Outdoor columnist Dan Geddings: It's on


The dark woods were eerily silent. The sky was overcast and gray, and the songbirds had not yet started to call. Daylight was coming very slowly. I was hunkered down at the base of a big pine - waiting. I felt like this was the right spot. It was opening day.

I had walked in from the highway an hour before daylight with no light, following a plowed fire break. My seat in the thick pine straw was soft and comfortable. I was dressed warmly. My left ear felt unusually cold, so I turned up my collar on that side.

As the dim light increased, I pulled on my gloves and face mask. My only movement now was to turn my head from side to side and to look up into the tree tops around me. Maybe I would see one against the sky. I expected to hear something any time now.

There was a faint glow of red in the clouds just above the horizon to the east. After a few minutes the glow faded, and the clouds seemed to get darker. Movement out in the hardwoods caught my attention, and I realized it was a deer walking toward me. It stopped and just stood there a long time then finally turned back and started walking away slowly.

The deer stopped again and stood very still. After a few minutes, it started blowing softly. I've never heard one do that. Then I noticed another deer and another. They were not looking in my direction but were clearly alerted. Now I realized why my ear had been so cold earlier. There was a soft breeze blowing in that direction, and the deer had picked up my scent. They eventually moved on.

Now my attention was focused back on the timber around me. I pulled out my box call and made a few soft yelps. Nothing answered. Even though it was early the woods were illuminated now, and I knew any birds in the area would be on the ground. My patience runs poorly when nothing is happening, and I got up and surveyed the woods around me. I called some more. Again, nothing answered.

A distant shot broke the morning calm. "Well maybe somebody got one," I thought. I had scouted this area several times and knew there were turkeys using this area, but they were not evident on this day. I headed back to the truck. I stopped and called several times along the way. More silence.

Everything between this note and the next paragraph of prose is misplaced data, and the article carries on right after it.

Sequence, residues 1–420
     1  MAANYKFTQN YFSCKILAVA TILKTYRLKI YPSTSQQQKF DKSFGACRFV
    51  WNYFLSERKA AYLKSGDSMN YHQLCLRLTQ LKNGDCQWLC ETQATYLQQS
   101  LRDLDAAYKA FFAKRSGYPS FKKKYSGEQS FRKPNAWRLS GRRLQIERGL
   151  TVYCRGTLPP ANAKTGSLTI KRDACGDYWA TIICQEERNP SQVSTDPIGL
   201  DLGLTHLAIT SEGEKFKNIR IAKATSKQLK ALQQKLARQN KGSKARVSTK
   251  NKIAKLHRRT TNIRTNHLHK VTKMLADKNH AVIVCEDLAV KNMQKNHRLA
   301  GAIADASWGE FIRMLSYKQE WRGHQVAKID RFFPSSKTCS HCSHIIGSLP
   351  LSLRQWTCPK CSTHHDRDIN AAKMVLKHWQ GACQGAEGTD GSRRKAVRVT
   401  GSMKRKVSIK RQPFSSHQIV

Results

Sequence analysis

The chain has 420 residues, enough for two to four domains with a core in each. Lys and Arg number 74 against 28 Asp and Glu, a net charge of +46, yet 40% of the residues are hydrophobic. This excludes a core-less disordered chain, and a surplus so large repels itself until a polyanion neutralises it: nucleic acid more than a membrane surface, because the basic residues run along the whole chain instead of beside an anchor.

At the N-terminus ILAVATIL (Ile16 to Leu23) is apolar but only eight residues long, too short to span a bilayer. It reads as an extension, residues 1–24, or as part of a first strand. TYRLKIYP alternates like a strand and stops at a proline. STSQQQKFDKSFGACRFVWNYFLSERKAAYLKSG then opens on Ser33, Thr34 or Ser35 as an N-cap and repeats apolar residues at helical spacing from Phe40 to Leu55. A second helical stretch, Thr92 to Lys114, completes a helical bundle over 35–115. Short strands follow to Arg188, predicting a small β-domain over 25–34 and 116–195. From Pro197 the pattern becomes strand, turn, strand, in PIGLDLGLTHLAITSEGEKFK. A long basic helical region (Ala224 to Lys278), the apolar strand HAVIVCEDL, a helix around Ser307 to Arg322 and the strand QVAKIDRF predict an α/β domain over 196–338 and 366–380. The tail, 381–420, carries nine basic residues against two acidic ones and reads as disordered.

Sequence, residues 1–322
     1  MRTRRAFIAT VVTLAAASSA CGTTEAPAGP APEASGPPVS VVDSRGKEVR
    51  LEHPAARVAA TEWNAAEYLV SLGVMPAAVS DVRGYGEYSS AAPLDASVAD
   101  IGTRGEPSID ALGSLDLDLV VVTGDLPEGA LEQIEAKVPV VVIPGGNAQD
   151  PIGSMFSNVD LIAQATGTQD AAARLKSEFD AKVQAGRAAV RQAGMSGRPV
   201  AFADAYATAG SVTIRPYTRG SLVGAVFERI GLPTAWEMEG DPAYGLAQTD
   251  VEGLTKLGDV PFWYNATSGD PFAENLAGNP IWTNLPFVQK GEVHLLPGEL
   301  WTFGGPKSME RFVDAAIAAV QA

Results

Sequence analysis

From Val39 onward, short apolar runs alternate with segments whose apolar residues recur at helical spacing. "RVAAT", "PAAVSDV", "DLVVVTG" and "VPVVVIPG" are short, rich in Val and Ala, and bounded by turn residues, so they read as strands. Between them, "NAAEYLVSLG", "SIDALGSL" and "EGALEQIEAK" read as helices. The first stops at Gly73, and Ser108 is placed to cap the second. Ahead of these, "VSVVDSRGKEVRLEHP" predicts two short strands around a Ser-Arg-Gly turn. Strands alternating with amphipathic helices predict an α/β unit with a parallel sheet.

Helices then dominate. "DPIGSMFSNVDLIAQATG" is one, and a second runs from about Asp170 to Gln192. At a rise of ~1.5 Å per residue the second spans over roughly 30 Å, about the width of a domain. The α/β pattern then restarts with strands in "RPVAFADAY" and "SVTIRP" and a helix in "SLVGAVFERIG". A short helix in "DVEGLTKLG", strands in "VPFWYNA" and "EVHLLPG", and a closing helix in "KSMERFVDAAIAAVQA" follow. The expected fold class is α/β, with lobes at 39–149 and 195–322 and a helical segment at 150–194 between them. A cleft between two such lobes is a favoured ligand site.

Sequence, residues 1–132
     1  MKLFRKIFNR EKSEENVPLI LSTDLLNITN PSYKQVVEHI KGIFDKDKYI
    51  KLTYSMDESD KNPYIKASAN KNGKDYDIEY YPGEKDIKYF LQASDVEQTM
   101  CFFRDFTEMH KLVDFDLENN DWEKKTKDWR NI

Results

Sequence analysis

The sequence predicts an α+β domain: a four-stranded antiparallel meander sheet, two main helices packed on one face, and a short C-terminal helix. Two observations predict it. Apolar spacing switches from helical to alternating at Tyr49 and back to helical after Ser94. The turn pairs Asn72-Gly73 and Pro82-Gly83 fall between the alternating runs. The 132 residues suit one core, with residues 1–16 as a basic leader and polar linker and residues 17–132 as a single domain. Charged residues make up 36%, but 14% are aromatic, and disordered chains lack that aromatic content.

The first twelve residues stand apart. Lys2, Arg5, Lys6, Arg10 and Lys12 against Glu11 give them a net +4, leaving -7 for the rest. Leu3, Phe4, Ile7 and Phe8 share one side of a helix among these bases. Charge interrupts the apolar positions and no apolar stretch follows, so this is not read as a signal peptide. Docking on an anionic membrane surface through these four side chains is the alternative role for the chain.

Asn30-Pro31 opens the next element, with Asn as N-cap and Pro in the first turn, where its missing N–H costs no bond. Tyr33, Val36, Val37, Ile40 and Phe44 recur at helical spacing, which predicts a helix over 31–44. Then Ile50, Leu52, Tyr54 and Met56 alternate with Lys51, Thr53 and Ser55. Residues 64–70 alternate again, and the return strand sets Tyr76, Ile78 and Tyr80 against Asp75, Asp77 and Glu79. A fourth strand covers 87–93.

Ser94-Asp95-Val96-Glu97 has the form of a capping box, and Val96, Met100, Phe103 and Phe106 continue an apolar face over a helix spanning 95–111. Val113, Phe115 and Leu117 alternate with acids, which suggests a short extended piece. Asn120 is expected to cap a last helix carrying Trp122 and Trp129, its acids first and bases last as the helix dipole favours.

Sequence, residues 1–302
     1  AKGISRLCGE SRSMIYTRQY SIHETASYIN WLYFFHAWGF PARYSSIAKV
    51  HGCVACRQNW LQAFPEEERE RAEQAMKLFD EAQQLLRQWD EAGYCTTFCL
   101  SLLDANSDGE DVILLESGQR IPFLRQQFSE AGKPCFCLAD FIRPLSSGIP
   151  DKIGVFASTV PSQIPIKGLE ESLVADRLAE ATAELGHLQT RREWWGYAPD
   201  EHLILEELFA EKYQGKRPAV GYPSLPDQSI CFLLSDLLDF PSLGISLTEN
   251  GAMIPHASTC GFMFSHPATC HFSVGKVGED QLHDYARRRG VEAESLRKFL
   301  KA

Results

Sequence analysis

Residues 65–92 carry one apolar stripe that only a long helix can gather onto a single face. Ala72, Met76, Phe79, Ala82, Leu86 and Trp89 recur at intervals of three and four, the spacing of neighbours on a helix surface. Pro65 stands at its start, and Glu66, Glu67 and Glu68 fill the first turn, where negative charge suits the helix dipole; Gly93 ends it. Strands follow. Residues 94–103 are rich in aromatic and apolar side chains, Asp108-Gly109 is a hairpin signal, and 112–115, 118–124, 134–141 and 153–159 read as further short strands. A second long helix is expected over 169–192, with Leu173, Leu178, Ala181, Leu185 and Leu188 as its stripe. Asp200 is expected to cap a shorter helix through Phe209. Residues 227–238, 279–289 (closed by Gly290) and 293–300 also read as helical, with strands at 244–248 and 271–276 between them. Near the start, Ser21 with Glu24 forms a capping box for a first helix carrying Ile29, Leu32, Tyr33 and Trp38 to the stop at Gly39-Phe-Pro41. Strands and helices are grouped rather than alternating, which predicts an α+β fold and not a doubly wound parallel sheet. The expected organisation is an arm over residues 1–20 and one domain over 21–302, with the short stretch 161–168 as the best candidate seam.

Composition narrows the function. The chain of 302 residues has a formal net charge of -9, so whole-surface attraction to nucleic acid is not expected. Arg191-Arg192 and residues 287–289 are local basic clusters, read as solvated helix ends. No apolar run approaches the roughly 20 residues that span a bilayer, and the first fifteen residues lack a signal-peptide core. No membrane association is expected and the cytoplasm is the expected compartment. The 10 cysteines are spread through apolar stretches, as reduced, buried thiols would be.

I decided to try another area where I had seen some turkeys several times. There was a very light rain falling when I got to the new area. I had put up a ground blind earlier for just such an occasion. I stepped into the blind and sat down in a very comfortable camp chair. I could hear the rain softly pattering on the roof of the blind. After I sat quietly for a while, I pulled out my call and made a single yelp.

A gobbler answered straight out in the woods in front of me. I waited a moment and called again. He answered again. He was a good ways out, and I was hopeful that he would come. After a few minutes, he gobbled on his own, and I realized that indeed he was closer. I answered with a yelp, and he cut my call with a gobble. I said to myself, "oh boy, it's on."

The rain had eased now, and the sun peeked out. I saw a dark shape move between the pines and eased my gun up. He gobbled very close. I could feel the excitement in the air. Now I could see a red, white and blue head coming. His wattles were red, his face was blue, and the crown of his head was brilliant white. His dark body glimmered with iridescent colors. The gobbler stepped out into the open and stopped. It was a year-old turkey - a jake. They are legal - but.

Most old turkey hunters won't shoot a jake, realizing they are our longbeards for next year. I lowered my gun, and the bird picked me out. It turned away clucking. There were two other jakes behind him, and they all turned away clucking and putting alarm calls.

When the turkeys melted back into the timber, I stepped out of the blind and headed back to my truck. The rain came back, and it was heavier this time.

Email cdgeddings@gmail.com.